Tue | Sep 27, 2022

Michael Abrahams | Addressing the glaring gap in COVID-19 management

Published:Tuesday | October 5, 2021 | 12:05 AM

The development of vaccines has been a game changer in the management of COVID-19. The vaccines may not necessarily prevent infection, but they do reduce the risk of severe illness, need for hospitalisation and oxygen, and death.

According to the Centers for Disease Control and Prevention (CDC), unvaccinated individuals are 11 times more likely to die from COVID-19 than those who are not vaccinated.

When patients are ill enough to be hospitalised, the drugs and therapeutic interventions to be used are well known and utilised when available. Steroids such as dexamethasone, the antiviral drug remdesivir, and immune system-calming antibody therapies such as baricitinib and tocilizumab have saved countless lives.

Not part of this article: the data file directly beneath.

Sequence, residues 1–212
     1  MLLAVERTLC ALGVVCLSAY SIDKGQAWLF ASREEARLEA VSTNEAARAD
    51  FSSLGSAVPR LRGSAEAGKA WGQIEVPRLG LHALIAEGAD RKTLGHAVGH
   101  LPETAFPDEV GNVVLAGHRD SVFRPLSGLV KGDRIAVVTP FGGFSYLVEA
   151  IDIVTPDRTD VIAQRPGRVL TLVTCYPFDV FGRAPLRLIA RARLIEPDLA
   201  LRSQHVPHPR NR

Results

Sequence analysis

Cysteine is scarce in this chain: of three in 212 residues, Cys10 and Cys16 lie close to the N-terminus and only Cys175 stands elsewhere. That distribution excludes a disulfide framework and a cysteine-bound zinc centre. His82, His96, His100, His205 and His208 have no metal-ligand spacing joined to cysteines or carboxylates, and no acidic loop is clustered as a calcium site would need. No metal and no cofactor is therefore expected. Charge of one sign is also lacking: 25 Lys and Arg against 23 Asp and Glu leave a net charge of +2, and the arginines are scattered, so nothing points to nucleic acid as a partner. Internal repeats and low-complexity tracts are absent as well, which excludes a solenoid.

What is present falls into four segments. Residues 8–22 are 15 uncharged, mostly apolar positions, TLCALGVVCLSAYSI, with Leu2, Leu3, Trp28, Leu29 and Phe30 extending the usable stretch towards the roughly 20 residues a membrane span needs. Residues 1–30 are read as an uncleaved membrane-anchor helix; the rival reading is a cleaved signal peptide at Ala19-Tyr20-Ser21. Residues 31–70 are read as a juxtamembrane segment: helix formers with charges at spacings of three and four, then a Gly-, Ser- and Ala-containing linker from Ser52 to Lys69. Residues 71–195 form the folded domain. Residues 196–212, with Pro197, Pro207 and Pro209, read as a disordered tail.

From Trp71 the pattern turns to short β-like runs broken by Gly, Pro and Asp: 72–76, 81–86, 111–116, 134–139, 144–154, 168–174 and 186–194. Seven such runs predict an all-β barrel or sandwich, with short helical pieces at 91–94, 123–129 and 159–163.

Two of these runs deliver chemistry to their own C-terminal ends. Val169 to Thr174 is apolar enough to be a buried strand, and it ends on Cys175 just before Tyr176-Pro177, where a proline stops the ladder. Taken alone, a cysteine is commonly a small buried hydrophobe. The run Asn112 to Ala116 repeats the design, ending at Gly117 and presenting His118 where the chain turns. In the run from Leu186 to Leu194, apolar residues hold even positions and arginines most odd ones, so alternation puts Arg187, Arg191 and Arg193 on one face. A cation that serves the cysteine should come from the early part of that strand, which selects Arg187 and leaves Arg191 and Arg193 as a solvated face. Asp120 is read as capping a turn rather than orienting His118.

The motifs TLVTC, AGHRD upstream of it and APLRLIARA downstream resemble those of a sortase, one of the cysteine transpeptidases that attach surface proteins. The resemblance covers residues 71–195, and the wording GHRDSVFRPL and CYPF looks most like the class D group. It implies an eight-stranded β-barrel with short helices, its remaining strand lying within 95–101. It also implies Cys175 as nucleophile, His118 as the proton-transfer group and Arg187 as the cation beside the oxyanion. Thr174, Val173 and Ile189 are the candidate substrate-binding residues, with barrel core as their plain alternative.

But what of the patients who have been diagnosed with COVID-19 and are isolating at home with mild symptoms? How do we treat them? Everyone who died from COVID-19 was in the early stage of the infection at some point.

We know the risk factors for the development of severe COVID-19, and they include, but are not limited to, advanced age, obesity, diabetes mellitus and cardiovascular disease. But the disease and its progression are unpredictable, and there are factors such as the strength of a person’s innate immune response and the viral load they were initially exposed to that may influence the course of the infection but are impossible to accurately assess.